Ready to Drive?

Dylan has been practicing his driving with Bill.

He’s driven for a couple of hours, and Bill told me Dylan has been doing really well.

I have not been practicing with Dylan. I didn’t think I could take it.

But Dylan has been acting responsibly.

For a teenager, Dylan is acting really responsibly. He’s been getting up on his own – and getting ready for the day. When he wants to do something, he looks at the calendar and figures out a time to do it. Then he asks. He knows which days he has to work – even if he doesn’t know his whole week’s plan – and he lets us know when he’s ready to go (on time). He usually even gets in the car with his stuff. If I give him a note with times that we need to do things, he sets reminders on his phone so he knows when to be ready.

So when he worked for hours last night (although he forgot to wash his uniform beforehand), and then he got in the car and asked to drive…

I said, “NO. You have to be kidding. Forget it. No way.” It was nearly midnight, and the road from his work to our home is mostly two- to three-lane highway which, not coincidentally, was also undergoing construction. I made all of these points very quickly.

And Dylan works at a concert venue. The concert had let out for the evening, so getting out of the area was an extra challenge. Nearby roads were closed for about a mile, except for those covered with special police crews directing traffic. Pedestrians swarmed places where pedestrians don’t normally swarm, and cars were stopped in long, long lines.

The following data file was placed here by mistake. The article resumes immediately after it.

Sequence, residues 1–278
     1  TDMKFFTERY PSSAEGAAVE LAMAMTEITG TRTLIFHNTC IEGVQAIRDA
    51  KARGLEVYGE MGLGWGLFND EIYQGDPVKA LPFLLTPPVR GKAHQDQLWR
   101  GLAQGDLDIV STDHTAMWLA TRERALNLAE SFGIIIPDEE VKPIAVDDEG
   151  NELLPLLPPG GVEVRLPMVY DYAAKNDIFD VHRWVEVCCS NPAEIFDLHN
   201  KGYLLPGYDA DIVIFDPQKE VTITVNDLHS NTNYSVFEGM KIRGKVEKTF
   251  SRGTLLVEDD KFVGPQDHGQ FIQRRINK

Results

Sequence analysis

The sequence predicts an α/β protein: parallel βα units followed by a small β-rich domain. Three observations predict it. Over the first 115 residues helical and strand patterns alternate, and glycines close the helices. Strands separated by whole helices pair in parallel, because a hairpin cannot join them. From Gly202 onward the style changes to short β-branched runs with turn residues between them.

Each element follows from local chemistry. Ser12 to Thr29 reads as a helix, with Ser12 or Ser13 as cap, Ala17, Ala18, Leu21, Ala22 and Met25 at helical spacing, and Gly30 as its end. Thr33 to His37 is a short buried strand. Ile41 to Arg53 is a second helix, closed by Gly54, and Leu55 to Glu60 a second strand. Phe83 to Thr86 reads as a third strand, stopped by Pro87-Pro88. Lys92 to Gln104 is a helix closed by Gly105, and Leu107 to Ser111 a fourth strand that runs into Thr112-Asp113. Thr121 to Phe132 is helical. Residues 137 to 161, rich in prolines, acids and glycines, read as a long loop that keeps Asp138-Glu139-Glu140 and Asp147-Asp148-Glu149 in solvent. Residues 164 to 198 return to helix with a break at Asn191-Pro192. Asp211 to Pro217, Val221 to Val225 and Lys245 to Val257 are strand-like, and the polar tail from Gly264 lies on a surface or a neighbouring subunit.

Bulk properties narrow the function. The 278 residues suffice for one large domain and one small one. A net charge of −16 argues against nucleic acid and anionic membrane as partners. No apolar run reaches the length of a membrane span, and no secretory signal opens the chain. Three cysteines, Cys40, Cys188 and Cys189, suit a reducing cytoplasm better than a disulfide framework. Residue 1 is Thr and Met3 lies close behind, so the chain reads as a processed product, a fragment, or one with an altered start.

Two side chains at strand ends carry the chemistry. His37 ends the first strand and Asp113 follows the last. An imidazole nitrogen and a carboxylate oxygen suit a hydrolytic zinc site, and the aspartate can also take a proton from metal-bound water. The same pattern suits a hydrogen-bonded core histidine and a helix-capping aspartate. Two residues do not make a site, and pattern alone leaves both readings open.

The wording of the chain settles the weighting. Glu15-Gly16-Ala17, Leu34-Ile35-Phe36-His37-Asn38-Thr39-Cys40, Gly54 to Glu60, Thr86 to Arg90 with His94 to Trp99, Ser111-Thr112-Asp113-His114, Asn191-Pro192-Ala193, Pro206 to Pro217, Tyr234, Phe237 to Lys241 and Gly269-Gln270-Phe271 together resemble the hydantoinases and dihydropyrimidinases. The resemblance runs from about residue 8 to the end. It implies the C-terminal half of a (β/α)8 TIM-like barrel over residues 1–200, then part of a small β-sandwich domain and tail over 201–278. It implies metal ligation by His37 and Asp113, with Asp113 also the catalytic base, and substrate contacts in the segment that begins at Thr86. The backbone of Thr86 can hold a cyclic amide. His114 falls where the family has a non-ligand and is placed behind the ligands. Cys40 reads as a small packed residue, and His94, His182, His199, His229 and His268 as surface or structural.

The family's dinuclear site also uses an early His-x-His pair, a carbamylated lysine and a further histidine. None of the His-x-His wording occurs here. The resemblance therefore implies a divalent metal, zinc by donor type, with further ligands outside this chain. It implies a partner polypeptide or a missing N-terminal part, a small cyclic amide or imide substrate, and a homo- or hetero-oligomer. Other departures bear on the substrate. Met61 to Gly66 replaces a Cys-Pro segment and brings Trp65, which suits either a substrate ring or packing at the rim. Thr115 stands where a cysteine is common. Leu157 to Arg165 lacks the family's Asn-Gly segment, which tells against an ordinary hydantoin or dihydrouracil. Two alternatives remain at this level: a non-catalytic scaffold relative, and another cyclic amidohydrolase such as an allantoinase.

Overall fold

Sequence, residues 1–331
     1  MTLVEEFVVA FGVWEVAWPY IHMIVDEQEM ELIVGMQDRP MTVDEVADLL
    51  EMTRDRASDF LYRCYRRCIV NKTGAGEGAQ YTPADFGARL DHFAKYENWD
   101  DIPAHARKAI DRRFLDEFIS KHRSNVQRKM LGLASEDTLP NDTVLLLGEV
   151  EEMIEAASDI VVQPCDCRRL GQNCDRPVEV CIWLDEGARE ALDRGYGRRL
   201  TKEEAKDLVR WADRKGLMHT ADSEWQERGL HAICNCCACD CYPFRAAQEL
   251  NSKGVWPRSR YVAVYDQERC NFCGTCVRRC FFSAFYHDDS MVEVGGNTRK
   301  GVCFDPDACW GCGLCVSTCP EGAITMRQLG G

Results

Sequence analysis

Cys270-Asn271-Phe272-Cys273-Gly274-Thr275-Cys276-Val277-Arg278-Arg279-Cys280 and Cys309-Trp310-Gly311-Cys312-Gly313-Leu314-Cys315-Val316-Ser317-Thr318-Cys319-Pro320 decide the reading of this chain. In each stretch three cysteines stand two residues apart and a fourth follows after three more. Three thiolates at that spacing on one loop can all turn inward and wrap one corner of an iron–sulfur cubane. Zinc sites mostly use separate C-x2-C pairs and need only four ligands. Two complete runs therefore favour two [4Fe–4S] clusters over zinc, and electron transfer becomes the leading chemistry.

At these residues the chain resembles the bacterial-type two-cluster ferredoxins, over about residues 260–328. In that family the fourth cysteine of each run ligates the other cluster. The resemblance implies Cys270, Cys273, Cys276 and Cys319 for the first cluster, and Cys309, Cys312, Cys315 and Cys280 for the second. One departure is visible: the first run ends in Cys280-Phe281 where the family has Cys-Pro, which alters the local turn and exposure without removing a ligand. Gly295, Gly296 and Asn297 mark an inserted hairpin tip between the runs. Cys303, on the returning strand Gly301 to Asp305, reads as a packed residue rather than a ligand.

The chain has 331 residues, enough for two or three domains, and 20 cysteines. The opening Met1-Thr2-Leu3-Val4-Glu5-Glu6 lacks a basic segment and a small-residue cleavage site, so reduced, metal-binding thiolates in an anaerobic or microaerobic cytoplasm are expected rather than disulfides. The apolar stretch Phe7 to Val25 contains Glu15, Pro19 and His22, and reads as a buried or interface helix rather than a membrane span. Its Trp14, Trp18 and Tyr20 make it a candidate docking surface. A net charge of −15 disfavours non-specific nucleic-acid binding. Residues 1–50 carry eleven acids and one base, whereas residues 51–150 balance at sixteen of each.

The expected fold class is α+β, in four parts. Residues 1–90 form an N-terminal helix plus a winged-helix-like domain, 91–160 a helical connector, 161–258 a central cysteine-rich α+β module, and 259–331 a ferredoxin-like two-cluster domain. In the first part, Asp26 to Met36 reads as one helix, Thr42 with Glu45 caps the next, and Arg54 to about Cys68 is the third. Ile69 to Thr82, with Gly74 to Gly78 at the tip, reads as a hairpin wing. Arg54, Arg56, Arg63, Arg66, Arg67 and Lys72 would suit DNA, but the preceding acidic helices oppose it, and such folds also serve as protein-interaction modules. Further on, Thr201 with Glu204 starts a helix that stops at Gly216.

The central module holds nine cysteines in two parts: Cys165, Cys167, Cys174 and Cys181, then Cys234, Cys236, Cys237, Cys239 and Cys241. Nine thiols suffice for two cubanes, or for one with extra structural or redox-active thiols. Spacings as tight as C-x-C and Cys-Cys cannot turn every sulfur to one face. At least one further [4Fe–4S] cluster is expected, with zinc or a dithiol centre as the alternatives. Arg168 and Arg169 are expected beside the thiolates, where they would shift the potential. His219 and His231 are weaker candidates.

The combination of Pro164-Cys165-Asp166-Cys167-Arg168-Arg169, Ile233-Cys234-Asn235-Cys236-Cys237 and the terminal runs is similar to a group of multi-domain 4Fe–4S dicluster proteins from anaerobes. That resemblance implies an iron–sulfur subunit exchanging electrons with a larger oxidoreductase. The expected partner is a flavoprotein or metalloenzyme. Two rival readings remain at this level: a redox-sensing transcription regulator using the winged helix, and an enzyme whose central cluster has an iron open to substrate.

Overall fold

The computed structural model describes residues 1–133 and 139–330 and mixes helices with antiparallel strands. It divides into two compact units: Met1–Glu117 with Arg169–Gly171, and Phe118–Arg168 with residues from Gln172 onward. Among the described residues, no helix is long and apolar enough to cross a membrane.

“I know a better way to go,” Dylan said. They say that people with ADHD would make great lawyers, because they are constantly negotiating.

“No,” I said. “I don’t need a better way to go. I need less stress and that means I will drive.”

So I drove – until we were about a mile from our house. Then I stopped the car.

“Ready to drive?”

“Okay,” he said, and got carefully into the driver’s seat. He made seat adjustments and checked the lights and put the car in neutral and slowly hit the gas. The car didn’t go.

“It’s in neutral,” I said.

He was already on it.

He put the car in drive, and pulled out. He drove slowly and carefully, like a new driver is supposed to drive. He knew when to turn on his turn signal (and did) and hit the brakes gently when he needed to come to a stop. When he got to a red light, he braked just behind the appropriate line.

I held my breath the entire time. My heart was stuck in my neck. But I tried not to say anything panicky.

And it worked. Dylan drove all the way home without incident, and parked the car in the garage perfectly.

My son is learning to drive.

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